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Articles by L.D. Singla
Total Records ( 2 ) for L.D. Singla
  S.A. Bhat , P.D. Juyal and L.D. Singla
  In neonatal buffaloes calves Cryptosporidium spp. infection was investigated to determine its importance as etiological agent of diarrhoea syndrome. A total of 162 faecal samples were collected from neonatal buffalo calves of below 5 months age and examined for the Cryptosporidium spp. infection. Overall prevalence of the disease was observed as 38.3%. A gradual decline in the prevalence values was seen with increase in the age, highest in 0-30 days age group i.e., 65.71% and lowest in 4-5 months age group i.e., 5.88%. This trend of decline in prevalence values was observed in both diarrhoeic as well as non-diarrhoeic calves. A high degree of association was seen between Cryptosporidium infection and diarrhoea with infected cases at relatively higher risk to diarrhoea than non-infected. The highest prevalence (40.65%) of infection of was recorded during the monsoon season followed by pre monsoon season (39.35%) and lowest prevalence (34.04%) was recorded in the post monsoon season. Female calves showed higher prevalence (40.35%) than the male calves (33.3%).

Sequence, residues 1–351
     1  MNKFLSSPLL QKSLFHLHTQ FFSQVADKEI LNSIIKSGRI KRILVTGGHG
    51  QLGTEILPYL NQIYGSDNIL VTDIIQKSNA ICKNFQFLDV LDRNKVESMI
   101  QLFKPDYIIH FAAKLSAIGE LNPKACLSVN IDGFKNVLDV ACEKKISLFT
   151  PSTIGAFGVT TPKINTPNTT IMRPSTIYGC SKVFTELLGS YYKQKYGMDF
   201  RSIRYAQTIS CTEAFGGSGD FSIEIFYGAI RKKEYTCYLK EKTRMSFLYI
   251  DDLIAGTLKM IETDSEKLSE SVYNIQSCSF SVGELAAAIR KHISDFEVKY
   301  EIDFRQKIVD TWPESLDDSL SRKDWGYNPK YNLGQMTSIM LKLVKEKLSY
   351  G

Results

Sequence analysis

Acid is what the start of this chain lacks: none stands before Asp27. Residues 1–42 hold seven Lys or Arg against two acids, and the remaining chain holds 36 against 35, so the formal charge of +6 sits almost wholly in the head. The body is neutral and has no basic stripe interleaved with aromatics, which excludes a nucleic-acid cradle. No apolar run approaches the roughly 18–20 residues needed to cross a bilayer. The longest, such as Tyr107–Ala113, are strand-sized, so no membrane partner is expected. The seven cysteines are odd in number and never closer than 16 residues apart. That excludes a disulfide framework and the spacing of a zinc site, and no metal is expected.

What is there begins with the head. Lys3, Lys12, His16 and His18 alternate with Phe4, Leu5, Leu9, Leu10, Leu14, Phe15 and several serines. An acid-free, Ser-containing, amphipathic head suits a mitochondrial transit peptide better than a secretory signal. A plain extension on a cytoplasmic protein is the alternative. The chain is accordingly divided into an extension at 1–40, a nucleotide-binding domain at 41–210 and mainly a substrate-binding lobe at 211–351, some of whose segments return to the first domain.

Deepak Sumbria , L.D. Singla and S.K. Gupta
  The veterinary, medical and economic importance of arthropods across the globe and the historical status of some important arthropod borne diseases have been reviewed. Due to hasty altering thermo-climatic conditions in different parts of the world, a variety of medical and veterinary related arthropod borne diseases are expected to rise. Arthropods can infect various parts of living vertebrates, which in turn feed on the host’s tissues and body fluids, often causing extensive damage left untreated. The feeding success of arthropods is linked to the vast array of pharmacological substances in their saliva, which interfere with the host haemostasis and immune response. Reducing arthropod abundance is an imperative but elusive ambition. Some arthropods transmit pathogens that affect humans and animals worldwide. Chemical pesticides applied to territory occupied by these harmful vectors can be valuable but appear to have significant negative effects on other non-target beneficial organisms. Thus, vaccination and biological control need to be explored. Natural biological control is affected by native or co-evolved natural enemies in the environment without human intervention. The purpose of this review is to synthesize the available information concerning arthropod vectors and vector-borne diseases, mainly of public health significance. In conclusion, a low number of investigations on various aspects of arthropod borne infections as well as incuriosity to report the cases in disease reporting system have made the arthropod borne diseases as a more or less neglected field.
 
 
 
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